As you travel, explore, and gather, you begin to upgrade just about everything in the game. Craft better armor, improve your mining tool s range and power, unlock new tech that allows you to double-jump or turn yourself into a spiked rolling ball, and create protective suit modules that let you visit planets cloaked in radiation and deadly temperatures, which give you access to new resources you can use to build and upgrade even more. Even your crafting tables themselves can be upgraded to allow you access to newer and better gear. Very little of this progression is explained in-game, so if it s your first time playing you ll probably be visiting wikis and forums as regularly as you visit new planets.
There s a main storyline that will send you hunting through the galaxy, searching for hidden civilizations and ancient relics, and battling through some visually interesting levels and difficult, powerful bosses. Side quests are mostly of the forgettable, radiant variety: fetch me this, deliver me that, craft me X amount of Y, find my idiot friend who has the ability to teleport yet somehow can t escape from a shallow puddle of water without your help but they re typically easy and result in winning the favor of NPCs who can be recruited as your crew. As your crew grows, you can begin expanding your starter ship, though unlike the houses you can craft from scratch, most of the customization of your ship is limited to cosmetic decorations.
Starbound has three modes: casual (dying is barely an inconvenience), survival (you drop items upon death and need to eat), and permadeath. There s also co-op, so you can play alongside friends either on a dedicated server or simply by joining their game through your Steam list. I tried a bit with Tyler through Steam. It was good fun, it worked very well, and I hope to play more.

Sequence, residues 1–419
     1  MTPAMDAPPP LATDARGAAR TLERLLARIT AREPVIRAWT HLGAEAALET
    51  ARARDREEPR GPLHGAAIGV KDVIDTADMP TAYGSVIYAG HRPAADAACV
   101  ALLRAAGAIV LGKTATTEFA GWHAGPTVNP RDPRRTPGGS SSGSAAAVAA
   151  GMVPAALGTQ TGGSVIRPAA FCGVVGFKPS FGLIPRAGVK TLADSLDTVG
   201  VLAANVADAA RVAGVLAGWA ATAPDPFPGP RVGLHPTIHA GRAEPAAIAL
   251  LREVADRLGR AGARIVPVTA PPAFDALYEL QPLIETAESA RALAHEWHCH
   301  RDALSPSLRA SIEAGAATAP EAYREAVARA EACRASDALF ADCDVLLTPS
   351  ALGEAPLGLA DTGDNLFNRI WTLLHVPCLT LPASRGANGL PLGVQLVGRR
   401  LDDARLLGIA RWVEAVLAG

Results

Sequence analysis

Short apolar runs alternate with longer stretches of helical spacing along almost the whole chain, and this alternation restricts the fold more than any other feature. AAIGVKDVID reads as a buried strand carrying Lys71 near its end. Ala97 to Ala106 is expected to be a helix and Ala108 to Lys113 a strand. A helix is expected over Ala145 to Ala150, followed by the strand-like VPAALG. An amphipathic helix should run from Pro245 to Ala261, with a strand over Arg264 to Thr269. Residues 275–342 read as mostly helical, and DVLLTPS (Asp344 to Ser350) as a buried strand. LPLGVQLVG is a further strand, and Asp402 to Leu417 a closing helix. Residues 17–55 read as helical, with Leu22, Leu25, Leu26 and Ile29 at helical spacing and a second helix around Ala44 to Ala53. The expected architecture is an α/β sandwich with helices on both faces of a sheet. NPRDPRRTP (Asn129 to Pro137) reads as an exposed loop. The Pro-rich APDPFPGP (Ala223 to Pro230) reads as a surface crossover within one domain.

There s a pleasing variety of weapons including swords, axes, guns, grenade launchers, darts, bows, rocket launchers, and bombs. Some weapons even have special powers, such as my current favorite, a two-handed broadsword which has a blink explosion ability. If an enemy gets in my face, I blip away leaving only a big boom in my place. It s an adorable yet deadly finishing move.
Thing is, with the exception of boss fights in quest missions, there just aren't many interesting things to do with these neat weapons, and combat is both the most common activity and the weakest element in Starbound. Most planets are crowded with alien creatures, and while exploring and mining you constantly come into contact with them and nearly all of them attack on sight. While most aren t hard to handle, you still have to stop what you re doing and deal with them in a very simple and repetitive hack-and-slash (or point-and-shoot) fashion. Combat is rarely much fun or even challenging, it s just a series of tiresome interruptions, especially if you actually have some specific goals in mind and aren t just aimlessly exploring.
Though the combat is lacking, and I d wish for more ship customization options and fewer wiki trips, Starbound is otherwise a great pleasure, full of verve and laden with seemingly endless diversions and self-directed projects that you can lose yourself in for hours or days at a time.
Square Enix and Legendary Digital Studios have announced plans to create a new live-action digital series based on Dontnod's award-winning episodic adventure Life is Strange. The project is being developed in conjunction with DJ2 Entertainment, which recently completed production on the upcoming Sonic the Hedgehog flick.
It's not known how closely the series will cleave to the game, although it sounds like it won't stray very far. Life Is Strange follows the story of photography enthusiast Max Caulfield, a high-school senior who discovers she can rewind time while saving her best friend Chloe Price, the announcement says. The pair soon find themselves investigating the mysterious disappearance of fellow student Rachel Amber, which uncovers a dark side to life in Arcadia Bay.
Life is Strange is one of those rare properties that combines incredibly developed characters and storylines with deeply engaging gameplay. It lends itself perfectly to live-action imaginings, Legendary Digital Studios SVP Greg Siegel said.
We re proud and excited to be working alongside Legendary to realize a new version of Arcadia Bay and Blackwell Academy complete with our rich cast of realistic, believable characters and memorable events, Square Enix VP Jon Brooke added.
There's no word on casting the announcement is really just a this is happening kind of thing which makes this a perfect time to kick around ideas about who'd be best in various roles. And in case you'd forgotten, or just overlooked the matter for some reason, the first episode of Life is Strange is free, now and forever (or at least until somebody at Square Enix changes their mind) so there's no reason not to give it a look if you're curious what it's all about. We've got a few things to say about it ourselves, including a review, thoughts about its ending (spoilers!), and some ruminations on how Life is Strange channels Twin Peaks.